WNO: Don Giovanni. A new production 2011. What would Wagner say?

Written By The Wagnerian on Friday, 24 June 2011 | 8:21:00 pm

“Is it possible to find anything more perfect than every piece in ‘Don Giovanni’? Richard Wagner: Oper und Drama

"Oh, how doubly dear and above all honour is Mozart to me that it was not possible for him to invent music for ‘Tito’ like that of ‘Don Giovanni,’ for ‘Cosi fan tutte’ like that of ‘Figaro’! How shamefully would it have desecrated music!" Richard Wagner: Oper und Drama

I love Don Giovanni - it is without doubt my favourite Mozart opera (although the Flute runs a close second). It has everything: some of the finest music for opera ever written, a wonderful overture and a great piece of drama and theatre to boot; together  with Mozart and Da Ponte's wonderful psychological analysis. How could anyone not love it? Well, according to his autobiography Wagner in his youth - much preferring The Magic Flute and seeming to dislike the Don for its Italian text - amongst other things. However, as you can see, he changed his mind greatly in later years, going on to not only conduct it on many occasions but to take much time over it's production - especially  while in Zurich. According to Newman (Wagner's greatest biographer):
"Meanwhile Wagner had been doing his best to raise the standard of opera in Zurich. As we have seen, he opened the season on the 4th October, 1850, with Der Freischutz. He further conducted La Dame Blanche of Boieldieu on the llth and 18th, Norma on the 21st, Freischutz again on the 27th, Don Giovanni on the 8th and 18th November (again on the 26th March, 1851), the Magic Flute on the 29th November, La Dame Blanche again on the 6th December, 1850, and the 7th February, 1851, and Fidelio on the 4th April, 1851

He took particular trouble over Don Giovanni, a work that had been greatly disadvantaged, since Mozart's time, by the difficulties of all kinds that are inseparable from a modern performance of it.

Wagner spent three days and nights with Billow and Hitter correcting the orchestral parts and writing substitute parts for instruments, such as the trombones, that were missing from the local orchestra ; he made a working German dialogue version of some of the Italian recitatives, retaining others in their original form ; he simplified the scenic arrangements so as to avoid too many changes of the set tings; he transposed Donna Anna's aria to the graveyard scene, writing, by way of introduction to it, a short musical recitative for Ottavio and Donna Anna.
"I was furious ", Biilow wrote to his father, " when I remembered how it used to be said in Dresden that Wagner conducted Mozart's operas badly on purpose, because in his vain self-esteem he could not tolerate this music! He shows towards Mozart a warm, living, unselfish, but rational piety to which none of Mozart's pseudo-worshippers will ever attain." The theatre, according to Biilow, was sold out, but the Zurich public was somewhat irresponsive and ungrateful. Though Wagner, to get Kramer out of a difficulty, consented to conduct Don Giovanni again on the 26th March, 1851, and to close the company's season with Fidelio on the 4th April, 17 his more or less official connection with Kramer seems to have terminated when Biilow resigned, Wagner feeling that he had no longer any moral responsibility towards the management.
The Zurich score with Wagner's revisions in it has unfortunately disappeared".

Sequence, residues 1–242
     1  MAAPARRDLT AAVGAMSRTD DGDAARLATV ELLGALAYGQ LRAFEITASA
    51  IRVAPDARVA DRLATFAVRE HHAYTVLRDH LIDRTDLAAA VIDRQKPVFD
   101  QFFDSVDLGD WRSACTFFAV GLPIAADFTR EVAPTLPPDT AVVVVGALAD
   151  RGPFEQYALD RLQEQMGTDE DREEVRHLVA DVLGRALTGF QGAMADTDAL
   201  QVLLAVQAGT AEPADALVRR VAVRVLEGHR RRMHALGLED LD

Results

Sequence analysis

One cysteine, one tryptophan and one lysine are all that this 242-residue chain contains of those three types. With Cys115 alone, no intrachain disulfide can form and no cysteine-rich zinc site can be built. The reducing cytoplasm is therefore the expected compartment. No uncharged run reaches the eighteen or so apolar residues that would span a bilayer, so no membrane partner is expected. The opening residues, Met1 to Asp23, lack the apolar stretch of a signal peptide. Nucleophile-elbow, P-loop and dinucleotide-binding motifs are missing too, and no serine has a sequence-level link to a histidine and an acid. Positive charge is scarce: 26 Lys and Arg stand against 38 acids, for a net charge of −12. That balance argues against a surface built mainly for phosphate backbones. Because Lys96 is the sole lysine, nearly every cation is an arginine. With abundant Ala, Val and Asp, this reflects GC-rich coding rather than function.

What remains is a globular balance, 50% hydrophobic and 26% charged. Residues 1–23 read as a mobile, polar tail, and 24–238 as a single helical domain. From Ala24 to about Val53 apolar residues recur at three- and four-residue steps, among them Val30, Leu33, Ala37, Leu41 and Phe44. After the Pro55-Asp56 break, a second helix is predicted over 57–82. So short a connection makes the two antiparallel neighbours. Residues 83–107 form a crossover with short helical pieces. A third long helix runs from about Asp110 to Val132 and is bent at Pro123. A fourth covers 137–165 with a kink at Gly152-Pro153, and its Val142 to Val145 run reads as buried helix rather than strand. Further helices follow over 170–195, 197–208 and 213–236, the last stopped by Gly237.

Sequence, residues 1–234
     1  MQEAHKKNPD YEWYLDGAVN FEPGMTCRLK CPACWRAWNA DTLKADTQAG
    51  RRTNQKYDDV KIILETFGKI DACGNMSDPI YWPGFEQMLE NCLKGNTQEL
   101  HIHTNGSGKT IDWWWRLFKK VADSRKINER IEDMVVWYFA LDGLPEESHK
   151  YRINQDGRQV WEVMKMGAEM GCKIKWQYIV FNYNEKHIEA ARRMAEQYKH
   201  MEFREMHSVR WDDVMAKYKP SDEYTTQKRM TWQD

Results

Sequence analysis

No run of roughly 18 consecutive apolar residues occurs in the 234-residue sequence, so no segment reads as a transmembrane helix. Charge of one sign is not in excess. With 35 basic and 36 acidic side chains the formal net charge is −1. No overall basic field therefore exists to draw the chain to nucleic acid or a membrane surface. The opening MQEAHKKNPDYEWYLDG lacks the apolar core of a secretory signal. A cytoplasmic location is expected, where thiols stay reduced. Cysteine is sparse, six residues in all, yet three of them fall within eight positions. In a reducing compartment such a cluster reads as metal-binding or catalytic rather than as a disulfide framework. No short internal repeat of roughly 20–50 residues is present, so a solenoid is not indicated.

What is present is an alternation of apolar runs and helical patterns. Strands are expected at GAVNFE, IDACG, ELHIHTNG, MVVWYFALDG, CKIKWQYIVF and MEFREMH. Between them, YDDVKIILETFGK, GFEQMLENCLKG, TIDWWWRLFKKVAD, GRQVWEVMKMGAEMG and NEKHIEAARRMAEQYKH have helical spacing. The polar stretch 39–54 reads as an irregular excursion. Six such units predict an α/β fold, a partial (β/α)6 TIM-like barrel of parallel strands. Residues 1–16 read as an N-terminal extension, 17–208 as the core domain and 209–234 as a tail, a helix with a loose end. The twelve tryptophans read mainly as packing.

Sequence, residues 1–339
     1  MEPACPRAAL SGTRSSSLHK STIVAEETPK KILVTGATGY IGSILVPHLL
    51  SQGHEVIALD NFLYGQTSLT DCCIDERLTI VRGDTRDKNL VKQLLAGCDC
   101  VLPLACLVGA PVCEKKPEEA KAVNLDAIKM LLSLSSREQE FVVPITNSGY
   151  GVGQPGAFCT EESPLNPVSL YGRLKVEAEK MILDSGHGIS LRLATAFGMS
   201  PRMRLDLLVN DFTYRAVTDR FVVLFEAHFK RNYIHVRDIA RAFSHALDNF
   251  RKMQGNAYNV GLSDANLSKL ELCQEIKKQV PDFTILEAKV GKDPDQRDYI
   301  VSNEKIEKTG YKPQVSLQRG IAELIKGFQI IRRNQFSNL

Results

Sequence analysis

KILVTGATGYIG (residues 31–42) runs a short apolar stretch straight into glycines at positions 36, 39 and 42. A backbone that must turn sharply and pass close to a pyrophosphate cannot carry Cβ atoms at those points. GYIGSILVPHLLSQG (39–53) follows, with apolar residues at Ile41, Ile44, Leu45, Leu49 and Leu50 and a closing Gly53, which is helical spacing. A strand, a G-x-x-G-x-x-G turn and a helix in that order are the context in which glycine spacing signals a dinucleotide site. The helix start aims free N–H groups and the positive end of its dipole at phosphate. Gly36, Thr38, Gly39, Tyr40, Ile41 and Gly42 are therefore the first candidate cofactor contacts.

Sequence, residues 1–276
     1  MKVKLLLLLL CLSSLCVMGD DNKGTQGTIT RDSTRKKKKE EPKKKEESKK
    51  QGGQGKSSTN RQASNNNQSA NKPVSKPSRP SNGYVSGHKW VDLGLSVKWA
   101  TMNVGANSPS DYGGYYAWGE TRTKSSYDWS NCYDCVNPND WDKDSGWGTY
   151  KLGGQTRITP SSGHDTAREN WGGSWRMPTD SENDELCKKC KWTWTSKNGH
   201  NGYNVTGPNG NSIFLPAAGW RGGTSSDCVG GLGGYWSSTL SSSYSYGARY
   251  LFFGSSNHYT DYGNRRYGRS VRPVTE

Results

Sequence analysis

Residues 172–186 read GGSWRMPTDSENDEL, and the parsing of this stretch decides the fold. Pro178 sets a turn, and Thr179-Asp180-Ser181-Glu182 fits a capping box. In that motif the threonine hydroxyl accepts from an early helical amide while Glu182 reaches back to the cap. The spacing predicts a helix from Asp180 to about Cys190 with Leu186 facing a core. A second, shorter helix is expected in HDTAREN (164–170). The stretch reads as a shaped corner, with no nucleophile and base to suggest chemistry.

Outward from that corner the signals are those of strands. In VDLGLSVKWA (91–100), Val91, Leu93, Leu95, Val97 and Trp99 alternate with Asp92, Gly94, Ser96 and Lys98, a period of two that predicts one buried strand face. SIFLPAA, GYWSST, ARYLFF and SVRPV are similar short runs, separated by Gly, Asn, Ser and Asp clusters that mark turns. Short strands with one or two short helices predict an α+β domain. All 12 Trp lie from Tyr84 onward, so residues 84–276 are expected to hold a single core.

THE LIFE OF RICHARD WAGNER VOLUME TWO 1848 1860 - Newman

And so, now that I feel I have well justified my inclusion of WNO new production of the Don here, onto the details.

Award winning West End team bring opera’s greatest villain to life


Three members of the multi award-winning creative team behind the smash hit West End musical Les Misérables are working on WNO’s new production of Don Giovanni this autumn.

Co-director and adapter of the musical John Caird, designer John Napier and lighting designer David Hersey have been re-united on WNO’s latest production which will open at Wales Millennium Centre in Cardiff on 16th September before touring to Liverpool, Swansea, Llandudno, Bristol, Birmingham, Oxford and Southampton.

John Caird is directing his third opera for WNO, Don Carlos and Aida have both been critically acclaimed. He says Don Giovanni is a powerful piece: “Mozart’s dark masterpiece is a complex study in sexual obsession and the exercise of power, the greatest and darkest of the three Mozart/da Ponte collaborations.

“My designer John Napier and I have worked on creating a sculptured world of dark intensity as a backdrop for these profound human dramas. Just as the obsessive collector of art may be completely unaware of the pain and hardship endured by the artist, so the obsessive collector of women is unaware of the desperation and loneliness he leaves in his wake.
The most compelling irony of this story is that while the statue of the slaughtered Commendatore comes to life, his human heart is still beating after death. The living Giovanni, tragically unmoved by the plight of others, slowly turns his own heart into stone.”

Realising this world is former sculptor-turned-designer John Napier. John, who designed Cats, Starlight Express, Les Misérables, Miss Saigon and Sunset Boulevard for the West End, makes his WNO debut with Don Giovanni. His opera work includes Lohengrin and Macbeth for the Royal Opera House, Idomeneo for Glyndebourne and Nabucco for the Metropolitan Opera.

Further Details (including booking and touring information) please go here: WNO: Don Giovanni

The Creative Team

(Conductor ex. 29 Nov & 2 Dec)

(Don Ottavio)

(Donna Elvira)

(Masetto)

(Zerlina)

(Donna Anna)

(Don Giovanni)

(Leporello)

(Director)

(Designer)

(Assistant Designer)